Saturday, April 4, 2015


I might aspire to fun and fancy foods, but when it comes down to the bottom line, I always choose the easy way.  So when I had a hankering to make a "nest with cute egg" dessert for Easter, the only choices I found just sounded a le-e-e-tle bit too difficult or time-consuming.

So I adapted a recipe I already had in my box!  Known as Mud Cookies, Wax Paper Cookies, and No- Bake Cookies, these make excellent gluten-free bird nests.


3/4 C. sugar
2 T. baking cocoa
1/4 C. butter
1/4 C. milk

1/2 tsp. vanilla
1/4 C. peanut butter
2 C. uncooked gluten-free oats

candy that looks like small bird eggs, such as jelly beans (malted bird eggs are NOT GF)

1.  Decide what type of pan you will use.  Tiny muffin tins make small nests, but you can also place wax paper onto a cookie sheet and just shape the nests with a spoon.  You can see in the photo that I tried it both ways--the muffin tins are toward the front and the hand-shaped are toward the back.

2.  Combine the first 4 ingredients in a saucepan.  Stir to a boil over medium heat and boil for 1 minute.

3.  Stirring constantly, add the next 3 ingredients.

4.  Quickly drop the cookies with a teaspoon into tiny muffin tins or onto wax paper.  Place a candy egg onto each one.

5.  Put the pans into the refrigerator for 30-60 minutes to help them harden well; then you can remove them and display how you wish.


Reposted from 2009


Years ago when my husband and I lived in Buffalo, New York, there was (and still is) a big Polish Catholic tradition of purchasing butter in the shape of a lamb for your Easter celebration.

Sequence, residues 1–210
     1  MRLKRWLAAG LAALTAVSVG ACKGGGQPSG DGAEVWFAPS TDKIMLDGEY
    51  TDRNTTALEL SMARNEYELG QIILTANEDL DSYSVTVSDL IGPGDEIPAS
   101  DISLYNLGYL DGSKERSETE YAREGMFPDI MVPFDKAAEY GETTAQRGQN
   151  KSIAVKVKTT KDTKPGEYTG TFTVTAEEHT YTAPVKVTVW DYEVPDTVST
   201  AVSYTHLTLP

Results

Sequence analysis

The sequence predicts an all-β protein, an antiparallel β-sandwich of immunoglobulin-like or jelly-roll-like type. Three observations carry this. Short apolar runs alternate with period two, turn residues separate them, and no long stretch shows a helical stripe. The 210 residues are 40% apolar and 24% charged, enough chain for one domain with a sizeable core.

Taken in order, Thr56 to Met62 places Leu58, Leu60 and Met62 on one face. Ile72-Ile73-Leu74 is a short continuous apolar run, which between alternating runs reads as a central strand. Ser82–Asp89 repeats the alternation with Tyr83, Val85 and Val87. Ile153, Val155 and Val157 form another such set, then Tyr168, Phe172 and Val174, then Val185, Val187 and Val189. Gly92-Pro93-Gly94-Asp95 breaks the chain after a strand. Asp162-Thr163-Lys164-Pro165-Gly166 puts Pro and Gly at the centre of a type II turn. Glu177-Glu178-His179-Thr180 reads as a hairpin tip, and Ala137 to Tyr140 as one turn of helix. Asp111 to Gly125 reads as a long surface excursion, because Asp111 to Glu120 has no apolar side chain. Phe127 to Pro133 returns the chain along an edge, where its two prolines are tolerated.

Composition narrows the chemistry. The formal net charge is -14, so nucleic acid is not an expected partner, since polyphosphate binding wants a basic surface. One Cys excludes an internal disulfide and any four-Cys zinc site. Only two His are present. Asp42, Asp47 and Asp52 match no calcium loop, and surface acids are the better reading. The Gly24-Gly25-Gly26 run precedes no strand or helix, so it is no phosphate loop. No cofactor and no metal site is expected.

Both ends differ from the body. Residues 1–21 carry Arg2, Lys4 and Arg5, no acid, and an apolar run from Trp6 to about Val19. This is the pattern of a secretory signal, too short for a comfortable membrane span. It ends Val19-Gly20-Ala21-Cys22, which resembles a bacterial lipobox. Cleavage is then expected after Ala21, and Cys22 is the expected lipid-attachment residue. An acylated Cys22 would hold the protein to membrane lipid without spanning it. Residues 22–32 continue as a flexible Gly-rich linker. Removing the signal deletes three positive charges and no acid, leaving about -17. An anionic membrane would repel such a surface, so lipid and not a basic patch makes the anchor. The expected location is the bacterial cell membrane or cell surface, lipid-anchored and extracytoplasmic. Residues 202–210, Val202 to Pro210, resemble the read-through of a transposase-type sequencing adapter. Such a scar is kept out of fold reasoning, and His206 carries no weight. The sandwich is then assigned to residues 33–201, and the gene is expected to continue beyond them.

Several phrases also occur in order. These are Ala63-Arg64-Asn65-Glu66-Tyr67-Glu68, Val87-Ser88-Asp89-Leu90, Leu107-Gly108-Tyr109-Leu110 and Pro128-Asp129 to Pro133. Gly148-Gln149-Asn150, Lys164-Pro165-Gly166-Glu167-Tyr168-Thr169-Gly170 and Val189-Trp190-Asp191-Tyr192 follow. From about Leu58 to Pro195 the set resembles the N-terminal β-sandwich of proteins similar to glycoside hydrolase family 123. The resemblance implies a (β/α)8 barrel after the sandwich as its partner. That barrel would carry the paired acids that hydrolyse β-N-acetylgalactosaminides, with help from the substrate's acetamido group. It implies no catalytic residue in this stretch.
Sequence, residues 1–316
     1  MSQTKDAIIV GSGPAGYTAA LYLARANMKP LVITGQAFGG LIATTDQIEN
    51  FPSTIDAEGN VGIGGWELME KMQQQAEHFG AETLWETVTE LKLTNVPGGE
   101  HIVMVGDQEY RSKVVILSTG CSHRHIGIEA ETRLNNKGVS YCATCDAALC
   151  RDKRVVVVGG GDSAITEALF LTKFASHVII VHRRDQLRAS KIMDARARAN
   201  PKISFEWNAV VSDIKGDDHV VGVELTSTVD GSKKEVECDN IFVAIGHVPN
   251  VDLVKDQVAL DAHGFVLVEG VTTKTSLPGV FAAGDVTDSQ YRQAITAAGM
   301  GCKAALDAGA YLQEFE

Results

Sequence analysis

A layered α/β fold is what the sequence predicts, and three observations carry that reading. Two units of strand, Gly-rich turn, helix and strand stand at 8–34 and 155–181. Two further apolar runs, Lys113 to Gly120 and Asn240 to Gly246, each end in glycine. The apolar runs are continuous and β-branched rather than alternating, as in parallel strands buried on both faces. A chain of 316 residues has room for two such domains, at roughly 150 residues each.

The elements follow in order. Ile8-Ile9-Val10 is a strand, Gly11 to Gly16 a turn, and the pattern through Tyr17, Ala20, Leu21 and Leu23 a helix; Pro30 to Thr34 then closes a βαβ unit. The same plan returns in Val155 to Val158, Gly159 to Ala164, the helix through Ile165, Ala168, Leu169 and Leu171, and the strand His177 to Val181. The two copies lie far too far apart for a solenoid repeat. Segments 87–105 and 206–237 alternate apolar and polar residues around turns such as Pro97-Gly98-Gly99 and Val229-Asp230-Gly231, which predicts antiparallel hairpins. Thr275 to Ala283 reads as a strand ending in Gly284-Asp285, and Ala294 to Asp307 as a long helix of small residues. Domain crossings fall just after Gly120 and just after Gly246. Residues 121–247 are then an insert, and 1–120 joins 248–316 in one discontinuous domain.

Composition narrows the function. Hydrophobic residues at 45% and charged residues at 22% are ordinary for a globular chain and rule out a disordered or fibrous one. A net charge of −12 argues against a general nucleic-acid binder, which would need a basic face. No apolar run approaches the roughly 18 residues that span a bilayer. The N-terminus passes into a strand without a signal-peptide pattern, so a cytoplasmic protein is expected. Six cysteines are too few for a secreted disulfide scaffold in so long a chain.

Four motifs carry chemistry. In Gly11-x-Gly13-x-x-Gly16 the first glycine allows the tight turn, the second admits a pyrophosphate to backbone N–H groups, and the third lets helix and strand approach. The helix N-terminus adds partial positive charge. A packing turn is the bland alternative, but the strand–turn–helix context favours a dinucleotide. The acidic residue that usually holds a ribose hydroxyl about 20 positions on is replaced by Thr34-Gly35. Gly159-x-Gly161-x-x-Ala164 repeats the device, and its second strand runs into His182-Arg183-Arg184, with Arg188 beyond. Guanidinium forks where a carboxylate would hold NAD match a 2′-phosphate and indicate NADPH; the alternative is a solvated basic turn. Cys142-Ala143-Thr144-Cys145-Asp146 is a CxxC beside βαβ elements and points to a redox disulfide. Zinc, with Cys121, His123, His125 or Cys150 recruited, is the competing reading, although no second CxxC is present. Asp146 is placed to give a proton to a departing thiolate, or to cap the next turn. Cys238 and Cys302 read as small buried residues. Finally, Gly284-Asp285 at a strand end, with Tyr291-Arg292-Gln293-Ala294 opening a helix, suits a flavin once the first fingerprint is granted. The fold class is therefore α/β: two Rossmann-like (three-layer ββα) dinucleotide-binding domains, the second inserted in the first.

I don't ban the bunnies, but I feel a lot happier with a few lambs and crosses around my house, especially at this time of the year.  Those sorts of things are getting more difficult to find nowadays on account of having to make store shelf room for the camouflage plastic eggs and the Barbie tin pails that someone out there feels is a MUST-HAVE for your modern egg hunt (I have to admit that those little rubber duckies they have this year are adorable!).

So when we lived in Buffalo, I joyously bought my butter lamb every year. When we left Buffalo, I was very sad to have no more.  So I make my own now.

Some people make a "wooly" lamb by making the butter all squiggly through a garlic press, but I just use a plastic mold that you might buy for making chocolate lambs.   I have 2 kinds:  one has a front and a back that makes a whole lamb, and the other is for chocolate lollipops--the front of a lamb without a back.

You can purchase a whole lamb mold at a baking supplies shop or at the Polish Art Center.

Here's how to make a butter lamb!

1.  Using clean hands or the tip of a table knife, press semi-firm butter into the molds.  Keep looking on the front-side as you're pressing, to make sure you get the air bubbles out.

2.  Scrape the back-sides level, wipe off the excess around the edges, and attach the two sides together.

3.  Put in the freezer for at least 30 minutes.

4.  Carefully take the lamb out of the mold.  Using a knife and/or paper towel, trim the excess off the seams.